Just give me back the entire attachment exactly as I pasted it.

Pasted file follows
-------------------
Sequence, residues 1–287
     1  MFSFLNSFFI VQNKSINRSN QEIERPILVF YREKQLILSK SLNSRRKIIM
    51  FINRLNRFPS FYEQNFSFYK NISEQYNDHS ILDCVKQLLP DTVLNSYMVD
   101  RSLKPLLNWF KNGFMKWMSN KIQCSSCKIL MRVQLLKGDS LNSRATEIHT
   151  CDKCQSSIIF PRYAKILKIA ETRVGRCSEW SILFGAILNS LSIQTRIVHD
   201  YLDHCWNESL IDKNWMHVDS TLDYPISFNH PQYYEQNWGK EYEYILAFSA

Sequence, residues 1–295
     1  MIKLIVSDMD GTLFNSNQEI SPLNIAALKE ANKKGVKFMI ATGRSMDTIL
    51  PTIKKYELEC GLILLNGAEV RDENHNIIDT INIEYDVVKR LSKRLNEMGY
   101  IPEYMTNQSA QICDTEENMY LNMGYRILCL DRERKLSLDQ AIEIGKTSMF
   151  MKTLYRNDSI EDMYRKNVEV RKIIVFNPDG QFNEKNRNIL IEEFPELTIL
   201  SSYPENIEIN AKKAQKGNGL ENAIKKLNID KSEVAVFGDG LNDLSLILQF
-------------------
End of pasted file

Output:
Sequence, residues 1–287
     1  MFSFLNSFFI VQNKSINRSN QEIERPILVF YREKQLILSK SLNSRRKIIM
    51  FINRLNRFPS FYEQNFSFYK NISEQYNDHS ILDCVKQLLP DTVLNSYMVD
   101  RSLKPLLNWF KNGFMKWMSN KIQCSSCKIL MRVQLLKGDS LNSRATEIHT
   151  CDKCQSSIIF PRYAKILKIA ETRVGRCSEW SILFGAILNS LSIQTRIVHD
   201  YLDHCWNESL IDKNWMHVDS TLDYPISFNH PQYYEQNWGK EYEYILAFSA

Sequence, residues 1–295
     1  MIKLIVSDMD GTLFNSNQEI SPLNIAALKE ANKKGVKFMI ATGRSMDTIL
    51  PTIKKYELEC GLILLNGAEV RDENHNIIDT INIEYDVVKR LSKRLNEMGY
   101  IPEYMTNQSA QICDTEENMY LNMGYRILCL DRERKLSLDQ AIEIGKTSMF
   151  MKTLYRNDSI EDMYRKNVEV RKIIVFNPDG QFNEKNRNIL IEEFPELTIL
   201  SSYPENIEIN AKKAQKGNGL ENAIKKLNID KSEVAVFGDG LNDLSLILQF